Alternatively, consider the conversation between Madoka and her mum in ep.11. The scene's rubbish. Theoretically it's fantastic, mind you, and strong actors in live-action could have had us in floods of tears, but in the anime it doesn't work. Leaving aside the issue of Madoka having been a passive protagonist (since that's a key part of the plot), let's consider her mother. We know her quite well and she voiced an important line of intellectual exploration in ep.6 that changed the direction of the story, but she doesn't really exist dramatically. Of course a magical girl's mother is always likely to be a peripheral character, but even so here we have a scene of a mother letting her fourteen-year-old daughter go outside alone during what looks like an "evacuate the city" level natural disaster. How does Urobuchi try to justify this? Answer: not with drama, but with an earlier conversation in a bar about mothers' relationships with their children.
Then there's the humour. There isn't any. Not only are these characters never funny, but they don't even come across as capable of being funny. (There's an exception, the schoolteacher, but she's a cameo rather than a character.)
The show works. Obviously, clearly, it works. Lots of people have been able to engage with these characters and of course I've been picking out examples that demonstrate what I'm trying to say. The girls' situation is ghastly and it would be ridiculous to claim that this show's characters are all passive. However I think Urobuchi is relying to some extent on the audience doing some of his work for him. (For example, he also does that thing he'd do again in Psycho-Pass of having a chillingly emotionless character who's eventually revealed to have moving backstory. Until that point, we're presumably expected to engage with this character on trust.) He's clearly an important writer, if only in the impact he's had on the industry, but I think addressing this issue could make his work more complete and satisfying.
Mind you, there's also the unrelated issue of "why should I care?" There's that too. Everything is hopeless, the characters are doomed and they won't even listen to each other. If everything our heroines do is pointless (as the show seems to be saying), then you might start to feel that watching them is pointless too. The ending pulls that back, though, with some reconstruction after all the preceding deconstruction. Personally, I liked that. Others have been annoyed.
(Is it really deconstruction, though, or is it just darker? There's nothing particularly deconstructive about making the girls fight with guns, bombs, etc. rather than the usual magic wands. It just makes the tone grimmer, that's all.)
Then there's the, um, surprising thermodynamics, given the scale of the universe, but I quite like that. If borne in mind, that adds to the untrustworthiness and/or almost Lovecraftian alien viewpoint through which information is being filtered.
I should mention the lesbian subtext, which is probably inescapable in any show that's claiming to deconstruct the magical girl genre. At the beginning, it's overt enough to be noticed by other characters, with Hitomi jumping to mistaken conclusions. Of course the show's only explicitly romantic relationships are heterosexual, but those are bloodless and distant compared with the girl-girl relationships that build up. It's also noticeable that the show's magical girl transformations are clothed for most of the show and only become nude in the later episodes, when those relationships are at their most intense. (I'm not going near the title sequence and its naked embrace between two Madokas, if only because that might just have been Studio Shaft improvising without input from the writer or producers. Nonetheless, I think trying to analyse that might make your head explode.) This show thus has an unusually large fanbase among lesbian and bi/pansexual women, since those themes are being built into the story more seriously than the usual fan tease or fanservice.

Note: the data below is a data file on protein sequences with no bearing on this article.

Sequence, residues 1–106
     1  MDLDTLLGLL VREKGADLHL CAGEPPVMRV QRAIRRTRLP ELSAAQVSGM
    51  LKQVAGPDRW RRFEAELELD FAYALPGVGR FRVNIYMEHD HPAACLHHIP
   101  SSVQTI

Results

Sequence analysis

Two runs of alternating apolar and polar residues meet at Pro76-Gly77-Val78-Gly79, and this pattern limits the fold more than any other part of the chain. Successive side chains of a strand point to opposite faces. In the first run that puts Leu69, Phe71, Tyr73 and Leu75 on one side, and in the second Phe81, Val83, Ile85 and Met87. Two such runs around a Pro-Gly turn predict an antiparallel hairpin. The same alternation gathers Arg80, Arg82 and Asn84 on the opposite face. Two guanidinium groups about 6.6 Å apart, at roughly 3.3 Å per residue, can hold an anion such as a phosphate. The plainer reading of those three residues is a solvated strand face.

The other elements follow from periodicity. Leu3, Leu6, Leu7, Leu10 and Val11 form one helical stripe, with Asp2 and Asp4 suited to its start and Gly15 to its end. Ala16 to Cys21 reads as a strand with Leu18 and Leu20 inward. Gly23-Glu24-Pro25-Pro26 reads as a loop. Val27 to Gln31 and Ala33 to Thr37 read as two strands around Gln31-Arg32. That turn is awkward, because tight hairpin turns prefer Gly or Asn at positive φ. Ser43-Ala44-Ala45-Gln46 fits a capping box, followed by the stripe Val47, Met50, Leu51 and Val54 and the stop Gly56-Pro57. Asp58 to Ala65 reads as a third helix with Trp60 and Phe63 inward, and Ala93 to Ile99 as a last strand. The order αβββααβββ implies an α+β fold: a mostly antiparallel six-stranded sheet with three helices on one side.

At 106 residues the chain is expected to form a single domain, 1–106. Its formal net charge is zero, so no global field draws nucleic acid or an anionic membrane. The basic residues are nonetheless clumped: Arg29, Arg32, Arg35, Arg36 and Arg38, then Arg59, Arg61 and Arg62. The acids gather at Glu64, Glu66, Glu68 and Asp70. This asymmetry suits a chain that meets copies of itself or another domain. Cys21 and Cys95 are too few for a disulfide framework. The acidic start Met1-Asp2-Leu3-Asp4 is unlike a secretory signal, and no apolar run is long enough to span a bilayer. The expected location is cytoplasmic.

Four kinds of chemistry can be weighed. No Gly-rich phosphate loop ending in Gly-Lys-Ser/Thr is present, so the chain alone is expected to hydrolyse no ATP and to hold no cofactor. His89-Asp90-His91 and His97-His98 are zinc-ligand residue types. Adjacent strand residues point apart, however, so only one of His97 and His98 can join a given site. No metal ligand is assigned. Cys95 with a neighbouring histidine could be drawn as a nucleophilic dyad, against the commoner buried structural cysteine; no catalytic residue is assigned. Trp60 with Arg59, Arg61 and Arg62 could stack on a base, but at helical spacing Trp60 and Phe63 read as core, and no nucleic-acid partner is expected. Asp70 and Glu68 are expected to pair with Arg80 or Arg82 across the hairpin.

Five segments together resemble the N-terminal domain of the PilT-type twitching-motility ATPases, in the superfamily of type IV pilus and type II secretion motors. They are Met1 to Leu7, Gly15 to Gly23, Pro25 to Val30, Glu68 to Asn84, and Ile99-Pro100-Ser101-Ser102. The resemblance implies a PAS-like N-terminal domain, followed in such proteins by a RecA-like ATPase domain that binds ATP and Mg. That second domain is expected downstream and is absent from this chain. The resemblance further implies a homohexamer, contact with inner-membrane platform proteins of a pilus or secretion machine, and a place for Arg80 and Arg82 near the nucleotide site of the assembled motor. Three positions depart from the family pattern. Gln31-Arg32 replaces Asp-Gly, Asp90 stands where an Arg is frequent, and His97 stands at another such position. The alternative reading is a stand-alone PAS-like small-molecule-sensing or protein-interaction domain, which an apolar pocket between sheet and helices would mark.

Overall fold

I love the visuals. It's Studio Shaft, not going batshit throughout (although Madoka's home and school can look like a designer's wet dream) but instead saving it up for the witches' labyrinths. There, the animation adopts all kinds of extreme styles, often I think drawing on children's book illustrations. Silhouettes like puppet plays, collages like Terry Gilliam... it's fantastic. (The witches are all characterised, by the way, if you look at what's in the worlds their madness has created.)
The character designs are kind of bland, mind you, but that's clearly the point. It's a deliberate contrast of form and content, drawing the girls to be as cute and generic as is traditional for this children's genre. One of my favourite facts about this show, incidentally, is that the Australian children's channel ABC3 aired it in full, almost uncut. Presumably they saw the first episode and the cute character designs, then looked no further. The show's diverse fanbases thus include some small Australian girls.
Weird footnote: there's a sequel. I find it hard to imagine, but there is. There are three Madoka Magica films, the first two being just series compilations (eps. 1-8 and 9-12 respectively) and the third being original.
I'm sure this show would be richer on a rewatch. We'd see a certain character's scenes completely differently, of course, but there will also be easter eggs as subtle as Madoka choosing a ribbon in ep.1. Similarly that teacher's comedy rantings are, from a certain point of view, a precise description of our heroines' situation.
Personally, I think the last episode saves the show. Faith and optimism is so fundamental to the magical girl genre that I think unrelieved nihilism would be missing the point. In fairness, that duality had throughout been a central theme of this series, if not even the central theme. It's the conflict between hope and blackness. Besides, this darkness is so very, very dark that much of the show feels predictable, in general direction rather than specifics. I'm not sure that yet another tragedy would have added much.
A more fundamental problem, for me, though is the Urobuchi factor. (No, not his "Urobutcher" nickname.) Characters feel like vehicles for ideas. It's "tell, don't show". They are undeniably strong and richly explored ideas, though.